0 K II c c X II o in which X is hydrogen, chlorine or bromine, at least two Xs being chlorine or bromine; Y is hydrogen, chlorine or bromine; m is 1 or 2; n ranges from zero to 2; p is zero or 1; and Z is selected from the group consisting of guanyl, N-amino-ureido, guanido-guanyl, ureido, guanido, thioureido, methyl-guanyl, ethylguanyl, benzylguanyl, phenylureido, tolylguanido, guanazolocarbimine, cyanoguanyl, pyrimidyl, carbamyloguanyl, and guaniloethyl.

2. The compound of claim 1 wherein each X is chlorine.

3. The compound of claim 1 wherein each X is bromine.

4. The compound of claim 1 being N-guanyl-5,6,7,8, 9,9 hexachloro-l,2,3,4,4a,5,8,8a-octahydro-5,8-methano- 2,3-naphthalenedicarboximide.

5. The compound of claim 1 being N-(carbamyloguanyl) 5,6,7,8,9,9 hexabromo 1,2,3,4,4a,5,8,8a-0ctahydro-1,4,5,8dimethano-2,3-naphthalenedicarboximide.

6. The compound of claim 1 being N-(diaminophenyl)- 1,4,5,6,7,7-hexachlorobicyclo [2.2.1] 5 heptene-2,3-dicarboximide.

7. The compound of claim 1 being N-(ureido)-5,6,7,8, 9,9 hexachloro-1,2,3,4,4a,5,8,8a-octahydro-5,S-methano- 2,3naphthalenedicarboximide.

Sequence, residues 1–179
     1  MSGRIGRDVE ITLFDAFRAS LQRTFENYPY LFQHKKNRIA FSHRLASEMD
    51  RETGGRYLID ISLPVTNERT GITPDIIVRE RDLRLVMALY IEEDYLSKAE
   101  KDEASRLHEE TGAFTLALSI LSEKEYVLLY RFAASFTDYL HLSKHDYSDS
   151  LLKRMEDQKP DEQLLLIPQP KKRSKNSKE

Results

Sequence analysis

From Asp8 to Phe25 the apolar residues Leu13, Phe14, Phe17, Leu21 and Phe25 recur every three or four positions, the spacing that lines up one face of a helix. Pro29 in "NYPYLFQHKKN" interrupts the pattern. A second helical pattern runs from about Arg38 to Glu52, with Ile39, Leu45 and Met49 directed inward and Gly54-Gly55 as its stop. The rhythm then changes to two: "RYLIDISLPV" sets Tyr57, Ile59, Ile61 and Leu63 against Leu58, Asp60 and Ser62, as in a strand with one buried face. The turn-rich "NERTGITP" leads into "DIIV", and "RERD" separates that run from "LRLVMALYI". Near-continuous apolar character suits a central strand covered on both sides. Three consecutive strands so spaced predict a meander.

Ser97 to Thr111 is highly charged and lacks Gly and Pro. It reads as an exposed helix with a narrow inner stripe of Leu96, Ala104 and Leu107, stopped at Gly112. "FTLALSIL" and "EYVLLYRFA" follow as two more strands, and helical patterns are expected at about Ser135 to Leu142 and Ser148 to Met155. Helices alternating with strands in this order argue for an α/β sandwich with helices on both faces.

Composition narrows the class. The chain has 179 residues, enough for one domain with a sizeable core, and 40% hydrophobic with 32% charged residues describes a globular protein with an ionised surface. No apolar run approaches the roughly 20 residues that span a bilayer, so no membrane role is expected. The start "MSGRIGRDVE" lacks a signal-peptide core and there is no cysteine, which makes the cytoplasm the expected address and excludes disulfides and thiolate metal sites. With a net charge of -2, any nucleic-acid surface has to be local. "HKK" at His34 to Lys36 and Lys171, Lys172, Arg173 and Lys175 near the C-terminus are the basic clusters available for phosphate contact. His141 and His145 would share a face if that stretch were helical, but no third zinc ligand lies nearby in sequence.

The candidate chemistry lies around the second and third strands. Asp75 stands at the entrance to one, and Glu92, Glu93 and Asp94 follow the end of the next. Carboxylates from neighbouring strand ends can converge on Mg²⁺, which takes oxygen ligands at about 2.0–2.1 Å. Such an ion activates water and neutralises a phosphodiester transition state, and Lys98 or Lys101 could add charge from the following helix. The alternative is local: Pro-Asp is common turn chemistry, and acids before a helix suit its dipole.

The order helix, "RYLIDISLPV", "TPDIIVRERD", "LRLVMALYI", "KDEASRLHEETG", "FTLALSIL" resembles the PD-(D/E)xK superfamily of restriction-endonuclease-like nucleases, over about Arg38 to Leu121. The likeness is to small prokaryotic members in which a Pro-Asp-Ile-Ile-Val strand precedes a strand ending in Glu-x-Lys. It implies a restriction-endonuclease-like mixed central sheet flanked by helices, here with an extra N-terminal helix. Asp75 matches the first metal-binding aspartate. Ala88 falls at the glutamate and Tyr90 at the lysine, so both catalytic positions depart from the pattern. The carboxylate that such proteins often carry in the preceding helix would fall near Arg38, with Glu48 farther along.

8. The compound of claim 1 being N-(2-g-uaniloethyl)- 5,6,7,8,9,9 hexabromo 1,2,3,4,4a,5,8,8a-octahydro-5,8- methano-2,3-naphthalenedicarboximide.

9. The compound of claim 1 being N-(guanazolocarbimine) 5,6,7,8,9,9 hexachloro-l,2,3,4,4a,5,8,8a-octahydro-S,8-methano-2,3-naphthalenedicarboximide.

10. The compound of claim 1 being N-(ureido)-5,6,7, 8,9,9-hexabromo-1,2,3,4,4a,5,8,8a-octahydro-5,S-methano- 2,3-naphthalenedicarboximide.

References Cited UNITED STATES PATENTS 3,208,939 9/1965 Latos et al. 25234 3,294,816 12/1966 Latos ct a1 260326 3,371,097 2/1968 Cyba 260-326 3,371,099 2/1968 Gciser 260326 3,391,112 7/1968 Hayes 26047 3,440,248 4/1969 Roberts et a1 260-326 ALEX MAZEL, Primary Examiner I. A. NARCAVAGE, Assistant Examiner U.S. Cl. X.R.

Referenced by
Citing PatentFiling datePublication dateApplicantTitle
US4374220 *May 14, 1981Feb 15, 1983Raychem CorporationImide flame retardants and compositions containing them
US4535170 *Sep 21, 1980Aug 13, 1985Raychem CorporationFlame retardants and compositions containing them
US4581396 *Sep 18, 1968Apr 8, 1986Raychem CorporationHalogen containing bis/imide compounds, stabilizing flammable polymers
US4644066 *May 15, 1985Feb 17, 1987Raychem CorporationFlame retardants and compositions containing them
Classifications
U.S. Classification548/419, 106/18.2, 523/122, 252/601, 524/89, 508/255, 548/424, 524/94, 548/435, 508/288
International ClassificationC07D209/70, C08K5/3417, C07D209/76
Cooperative ClassificationC08K5/3417, C07D209/76, C07D209/70
European ClassificationC07D209/70, C07D209/76, C08K5/3417